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Sprouts pulls off the most successful IPO in two years

January 1, 2014

3 Min Read
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On July 31, after the bankers and lawyers and consultants had finished their diligence on the offering, Sprouts Farmers Market (NASDAQ: SFM) came to market at $18 per share. By close of trading, the company had more than doubled, reaching $39.86 per share for a one-day gain of 121%. Sprouts raised $344 million through the process—though it left just as much on the table by underpricing the offer—and landed on Wall Street with a valuation in excess of $5 billion. Looks like the public markets still have an appetite for natural & organic, especially the retailers of said products.
The Sprouts IPO follows on the heels of successful IPOs at Fresh Market and Natural Grocers by Vitamin Cottage, both still trading at hefty multiples to current earnings. According to presentations from recent earnings calls, Sprouts operates 167 stores in eight states, with customer demographics that support a near doubling in existing markets across the southwest. Potential markets nationally offer greater expansion opportunity, and, of course, increased competition with Whole Foods Market and its stated goal of 1,000 stores by 2021.
Comp store sales growth at Sprouts is forecast for full-year 2013 at 9.5%, and the company added 19 new doors to the mix last year. EBITDA and net income demonstrated dramatic growth, and Sprouts is anticipating 15% total sales growth ongoing in the long-term. So, is this the story of a frothy stock market? Of a rising tide lifting all manner of boats? Or is Sprouts up to something unique and defensible in the cutthroat aisles of grocery?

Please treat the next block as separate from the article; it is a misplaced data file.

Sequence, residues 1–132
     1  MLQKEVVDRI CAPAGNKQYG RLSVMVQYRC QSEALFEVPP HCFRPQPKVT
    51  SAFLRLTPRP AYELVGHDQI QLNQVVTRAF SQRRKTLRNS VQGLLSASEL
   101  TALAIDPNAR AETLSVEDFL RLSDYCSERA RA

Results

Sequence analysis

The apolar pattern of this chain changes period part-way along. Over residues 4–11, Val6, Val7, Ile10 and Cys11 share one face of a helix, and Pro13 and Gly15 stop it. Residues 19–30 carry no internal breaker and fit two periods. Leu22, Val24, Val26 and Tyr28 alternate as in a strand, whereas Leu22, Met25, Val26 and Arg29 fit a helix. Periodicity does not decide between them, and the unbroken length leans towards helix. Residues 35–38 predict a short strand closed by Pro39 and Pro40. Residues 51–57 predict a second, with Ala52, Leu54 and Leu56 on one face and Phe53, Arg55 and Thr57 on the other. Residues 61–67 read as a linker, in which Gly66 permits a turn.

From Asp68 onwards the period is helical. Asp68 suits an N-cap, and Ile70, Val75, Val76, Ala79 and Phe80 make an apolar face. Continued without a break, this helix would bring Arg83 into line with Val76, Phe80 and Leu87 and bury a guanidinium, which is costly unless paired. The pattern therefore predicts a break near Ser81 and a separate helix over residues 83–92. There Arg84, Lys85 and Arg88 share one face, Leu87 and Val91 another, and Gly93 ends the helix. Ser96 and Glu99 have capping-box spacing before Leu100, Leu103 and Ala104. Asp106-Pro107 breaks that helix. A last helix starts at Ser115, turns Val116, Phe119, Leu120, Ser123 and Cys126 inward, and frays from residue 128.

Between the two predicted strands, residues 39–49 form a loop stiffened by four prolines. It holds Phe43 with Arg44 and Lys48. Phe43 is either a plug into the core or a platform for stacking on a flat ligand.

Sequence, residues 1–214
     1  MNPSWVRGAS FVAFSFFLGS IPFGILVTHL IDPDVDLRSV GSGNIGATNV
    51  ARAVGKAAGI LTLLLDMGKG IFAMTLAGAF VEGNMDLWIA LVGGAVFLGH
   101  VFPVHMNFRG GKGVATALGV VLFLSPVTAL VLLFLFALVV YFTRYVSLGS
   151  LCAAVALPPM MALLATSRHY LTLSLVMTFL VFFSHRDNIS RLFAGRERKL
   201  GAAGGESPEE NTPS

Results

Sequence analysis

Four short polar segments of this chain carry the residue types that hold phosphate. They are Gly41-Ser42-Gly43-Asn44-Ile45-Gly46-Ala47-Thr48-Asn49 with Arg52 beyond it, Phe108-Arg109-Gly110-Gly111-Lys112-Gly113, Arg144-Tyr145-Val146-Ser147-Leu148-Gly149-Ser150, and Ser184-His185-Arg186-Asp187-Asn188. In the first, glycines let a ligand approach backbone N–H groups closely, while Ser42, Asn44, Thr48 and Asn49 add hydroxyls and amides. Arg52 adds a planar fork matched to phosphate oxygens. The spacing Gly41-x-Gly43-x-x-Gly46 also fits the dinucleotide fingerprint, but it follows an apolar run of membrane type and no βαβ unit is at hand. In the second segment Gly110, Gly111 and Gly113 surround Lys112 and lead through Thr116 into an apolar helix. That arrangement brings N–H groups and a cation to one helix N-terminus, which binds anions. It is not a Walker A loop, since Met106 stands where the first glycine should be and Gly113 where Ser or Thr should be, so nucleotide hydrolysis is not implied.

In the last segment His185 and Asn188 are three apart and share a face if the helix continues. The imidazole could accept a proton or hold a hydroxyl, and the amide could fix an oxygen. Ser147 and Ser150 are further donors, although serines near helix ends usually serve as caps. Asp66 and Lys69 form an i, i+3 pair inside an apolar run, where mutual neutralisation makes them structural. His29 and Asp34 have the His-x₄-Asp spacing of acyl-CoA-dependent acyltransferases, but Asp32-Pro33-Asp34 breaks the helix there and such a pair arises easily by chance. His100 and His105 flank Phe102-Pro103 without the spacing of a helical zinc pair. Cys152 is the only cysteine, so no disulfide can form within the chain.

Could be all of the above. According to James Richardson, senior vice president of Hartman Strategy, a new division of the Hartman Group, “In the last decade, we’ve noticed that the drivers of interest in natural foods have broadened in the middle class. It used to be primarily people with niche dietary preference issues related to health, but we now see a broader interest in less-processed food across the U.S. population. That interest is spreading to zip codes and markets where that wasn’t traditionally much of a big deal.”
This plays right into Sprouts’ hands, as the company has proven itself savvier than most at targeting the right markets for expansion. “Sprouts has been very smart about going into under-penetrated locations for high quality natural foods retail,” says Richardson. “Modesto, California is a great example. That store is packed, and it’s not a market you’d associate with natural foods. There was a definite gap there for the classic health market consumer, but also for that produce department.” Sprouts is known for its unique set of proportions. The company overweights fresh produce with a much larger store footprint than Whole Foods and other competitors like Trader Joe’s. “That’s a big part of their identity,” says Richardson, “but they’re also a great operator. The theater of running a health food chain is no easy feat.”
Leading indicators of performance indicate strength across the board for publicly traded natural products companies, with Hain Celestial (+61%), UNFI (+37%) and Whole Foods (+26%) posting impressive 2013 returns. So where’s the risk going forward? “Middle-class cash-flow health is always a risk to a fresh-food-based business model,” says Richardson, “but in the near term, the upside is pretty bankable. That’s why investors are interested in the channel.
“These are growth models that depend on store openings and maintaining same-store sales, but that’s a classic set of risks. I’d point to Fresh & Easy as an example of operational risk. They expanded too fast and went into zip codes where the proposition was irrelevant. Store development needs to be extremely deliberate. Getting overexcited can get you into real trouble in retail.” Perhaps the greatest risk to Sprouts delivering on its high-profile IPO is in the details then, as the company balances the pressures of public demand for growth with the deliberate and targeted path to growth that got it here in the first place.



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